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Improved Training of Wasserstein GANs

Ishaan Gulrajani, Faruk Ahmed, Martin Arjovsky, Vincent Dumoulin, Aaron Courville

Generative Adversarial Networks (GANs) are powerful generative models, but suffer from training instability. The recently proposed Wasserstein GAN (WGAN) makes significant progress toward stable training of GANs, but can still generate low-quality samples or fail to converge in some settings. We find that these training failures are often due to the use of weight clipping in WGAN to enforce a Lipschitz constraint on the critic, which can lead to pathological behavior. We propose an alternative method for enforcing the Lipschitz constraint: instead of clipping weights, penalize the norm of the gradient of the critic with respect to its input. Our proposed method converges faster and generates higher-quality samples than WGAN with weight clipping. Finally, our method enables very stable GAN training: for the first time, we can train a wide variety of GAN architectures with almost no hyperparameter tuning, including 101-layer ResNets and language models over discrete data.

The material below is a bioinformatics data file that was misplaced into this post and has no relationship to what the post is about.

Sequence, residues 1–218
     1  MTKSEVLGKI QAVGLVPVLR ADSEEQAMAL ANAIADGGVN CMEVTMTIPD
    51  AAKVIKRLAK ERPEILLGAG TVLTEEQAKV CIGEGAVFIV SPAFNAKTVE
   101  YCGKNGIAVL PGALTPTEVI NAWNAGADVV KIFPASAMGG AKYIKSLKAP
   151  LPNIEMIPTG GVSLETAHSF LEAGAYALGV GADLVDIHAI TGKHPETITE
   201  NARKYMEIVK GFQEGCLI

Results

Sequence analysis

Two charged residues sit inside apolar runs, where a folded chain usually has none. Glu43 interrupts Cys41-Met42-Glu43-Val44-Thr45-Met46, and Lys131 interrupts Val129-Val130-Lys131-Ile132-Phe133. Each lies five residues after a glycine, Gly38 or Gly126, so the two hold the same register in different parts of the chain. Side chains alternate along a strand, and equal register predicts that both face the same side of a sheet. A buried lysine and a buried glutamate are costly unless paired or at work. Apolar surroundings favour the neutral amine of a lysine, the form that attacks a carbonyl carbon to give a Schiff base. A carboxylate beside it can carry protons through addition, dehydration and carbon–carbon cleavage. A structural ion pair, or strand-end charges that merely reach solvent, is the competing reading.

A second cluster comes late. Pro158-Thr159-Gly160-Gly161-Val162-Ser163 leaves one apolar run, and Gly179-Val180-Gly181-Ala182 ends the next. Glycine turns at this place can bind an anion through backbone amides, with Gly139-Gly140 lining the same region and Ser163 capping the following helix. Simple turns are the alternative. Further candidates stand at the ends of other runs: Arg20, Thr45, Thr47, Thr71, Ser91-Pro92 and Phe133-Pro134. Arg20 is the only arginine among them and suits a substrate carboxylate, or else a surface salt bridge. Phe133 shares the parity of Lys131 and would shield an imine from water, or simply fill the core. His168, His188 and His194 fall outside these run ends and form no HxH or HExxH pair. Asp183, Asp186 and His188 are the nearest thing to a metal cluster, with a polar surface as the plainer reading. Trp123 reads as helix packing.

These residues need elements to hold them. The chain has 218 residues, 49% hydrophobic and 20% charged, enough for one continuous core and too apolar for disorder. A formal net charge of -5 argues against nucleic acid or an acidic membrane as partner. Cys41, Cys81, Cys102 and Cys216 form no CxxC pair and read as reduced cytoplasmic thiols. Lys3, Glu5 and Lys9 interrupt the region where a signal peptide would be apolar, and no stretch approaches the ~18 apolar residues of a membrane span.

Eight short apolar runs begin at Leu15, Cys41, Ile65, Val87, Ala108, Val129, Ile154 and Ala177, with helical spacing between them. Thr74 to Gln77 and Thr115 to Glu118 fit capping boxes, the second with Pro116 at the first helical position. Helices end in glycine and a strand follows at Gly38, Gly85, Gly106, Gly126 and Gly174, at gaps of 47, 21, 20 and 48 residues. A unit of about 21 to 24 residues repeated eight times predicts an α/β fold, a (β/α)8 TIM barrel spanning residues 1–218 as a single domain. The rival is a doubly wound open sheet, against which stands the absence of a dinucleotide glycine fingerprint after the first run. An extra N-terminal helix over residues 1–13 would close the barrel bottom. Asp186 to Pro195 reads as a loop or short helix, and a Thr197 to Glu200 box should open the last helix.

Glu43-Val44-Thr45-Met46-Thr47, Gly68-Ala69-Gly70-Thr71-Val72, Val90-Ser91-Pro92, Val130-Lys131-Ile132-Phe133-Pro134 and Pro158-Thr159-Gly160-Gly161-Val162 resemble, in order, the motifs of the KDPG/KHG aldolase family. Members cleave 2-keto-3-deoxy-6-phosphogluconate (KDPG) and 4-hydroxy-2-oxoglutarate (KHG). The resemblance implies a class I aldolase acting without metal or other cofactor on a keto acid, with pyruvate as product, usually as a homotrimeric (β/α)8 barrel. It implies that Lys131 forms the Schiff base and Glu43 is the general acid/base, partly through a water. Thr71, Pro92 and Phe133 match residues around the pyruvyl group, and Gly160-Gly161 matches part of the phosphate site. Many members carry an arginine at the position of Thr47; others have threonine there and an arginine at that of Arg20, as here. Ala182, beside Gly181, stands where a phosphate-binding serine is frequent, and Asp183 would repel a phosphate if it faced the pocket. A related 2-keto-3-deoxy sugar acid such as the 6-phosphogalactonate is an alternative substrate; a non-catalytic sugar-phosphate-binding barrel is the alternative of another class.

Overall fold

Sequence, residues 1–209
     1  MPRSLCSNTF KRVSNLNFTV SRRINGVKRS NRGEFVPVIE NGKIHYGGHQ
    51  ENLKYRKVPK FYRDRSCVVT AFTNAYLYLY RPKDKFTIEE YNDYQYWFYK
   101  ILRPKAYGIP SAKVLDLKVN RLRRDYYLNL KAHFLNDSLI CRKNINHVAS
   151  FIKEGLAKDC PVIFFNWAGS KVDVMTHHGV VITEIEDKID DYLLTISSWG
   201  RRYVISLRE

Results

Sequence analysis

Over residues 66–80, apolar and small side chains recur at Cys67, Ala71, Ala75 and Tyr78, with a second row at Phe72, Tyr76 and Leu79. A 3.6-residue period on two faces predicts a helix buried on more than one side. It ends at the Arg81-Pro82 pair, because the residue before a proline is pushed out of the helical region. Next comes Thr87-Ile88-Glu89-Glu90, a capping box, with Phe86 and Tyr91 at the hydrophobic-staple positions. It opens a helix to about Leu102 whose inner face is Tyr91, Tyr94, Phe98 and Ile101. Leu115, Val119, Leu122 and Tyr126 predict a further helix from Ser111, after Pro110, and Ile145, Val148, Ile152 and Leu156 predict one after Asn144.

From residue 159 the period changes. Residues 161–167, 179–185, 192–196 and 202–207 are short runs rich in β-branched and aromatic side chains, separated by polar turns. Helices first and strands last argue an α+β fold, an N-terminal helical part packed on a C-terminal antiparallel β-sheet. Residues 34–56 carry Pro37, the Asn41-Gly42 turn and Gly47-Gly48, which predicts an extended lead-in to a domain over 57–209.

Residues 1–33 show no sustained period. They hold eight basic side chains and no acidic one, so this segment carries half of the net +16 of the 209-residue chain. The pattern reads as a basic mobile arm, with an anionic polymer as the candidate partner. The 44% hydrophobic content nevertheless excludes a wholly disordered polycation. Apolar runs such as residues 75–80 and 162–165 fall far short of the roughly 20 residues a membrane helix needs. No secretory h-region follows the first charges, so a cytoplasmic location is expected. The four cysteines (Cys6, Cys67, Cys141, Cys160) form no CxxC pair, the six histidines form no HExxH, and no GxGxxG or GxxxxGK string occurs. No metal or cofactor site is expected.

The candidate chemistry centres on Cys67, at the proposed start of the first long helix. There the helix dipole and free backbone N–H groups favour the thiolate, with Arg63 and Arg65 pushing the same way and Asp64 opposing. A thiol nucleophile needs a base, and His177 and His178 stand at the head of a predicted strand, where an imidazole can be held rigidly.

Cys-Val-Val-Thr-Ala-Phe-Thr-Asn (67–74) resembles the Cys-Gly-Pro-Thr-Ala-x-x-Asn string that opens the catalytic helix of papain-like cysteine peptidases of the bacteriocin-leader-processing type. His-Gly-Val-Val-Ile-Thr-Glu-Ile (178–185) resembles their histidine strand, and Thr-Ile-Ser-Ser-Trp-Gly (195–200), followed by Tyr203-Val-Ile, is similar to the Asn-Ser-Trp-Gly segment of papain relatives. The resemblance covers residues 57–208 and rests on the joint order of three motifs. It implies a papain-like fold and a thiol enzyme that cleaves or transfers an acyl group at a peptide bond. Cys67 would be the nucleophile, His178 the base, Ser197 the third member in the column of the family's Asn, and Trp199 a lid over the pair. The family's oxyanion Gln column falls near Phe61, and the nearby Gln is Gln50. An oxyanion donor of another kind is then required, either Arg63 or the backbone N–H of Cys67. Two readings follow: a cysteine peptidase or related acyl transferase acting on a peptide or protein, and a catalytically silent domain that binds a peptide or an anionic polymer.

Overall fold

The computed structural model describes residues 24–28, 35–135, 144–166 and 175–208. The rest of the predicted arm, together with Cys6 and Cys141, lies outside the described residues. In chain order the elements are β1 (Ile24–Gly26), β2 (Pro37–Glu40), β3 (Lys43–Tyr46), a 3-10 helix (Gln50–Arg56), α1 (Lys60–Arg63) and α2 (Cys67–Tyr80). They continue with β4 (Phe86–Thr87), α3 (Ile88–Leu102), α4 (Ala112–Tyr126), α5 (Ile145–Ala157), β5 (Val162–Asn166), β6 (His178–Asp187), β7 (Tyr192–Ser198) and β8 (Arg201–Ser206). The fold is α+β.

Captured tweets and retweets: 55

BEGAN: Boundary Equilibrium Generative Adversarial Networks

David Berthelot, Tom Schumm, Luke Metz

We propose a new equilibrium enforcing method paired with a loss derived from the Wasserstein distance for training auto-encoder based Generative Adversarial Networks. This method balances the generator and discriminator during training. Additionally, it provides a new approximate convergence measure, fast and stable training and high visual quality. We also derive a way of controlling the trade-off between image diversity and visual quality. We focus on the image generation task, setting a new milestone in visual quality, even at higher resolutions. This is achieved while using a relatively simple model architecture and a standard training procedure.

Captured tweets and retweets: 2

Finding News Citations for Wikipedia

Besnik Fetahu, Katja Markert, Wolfgang Nejdl, Avishek Anand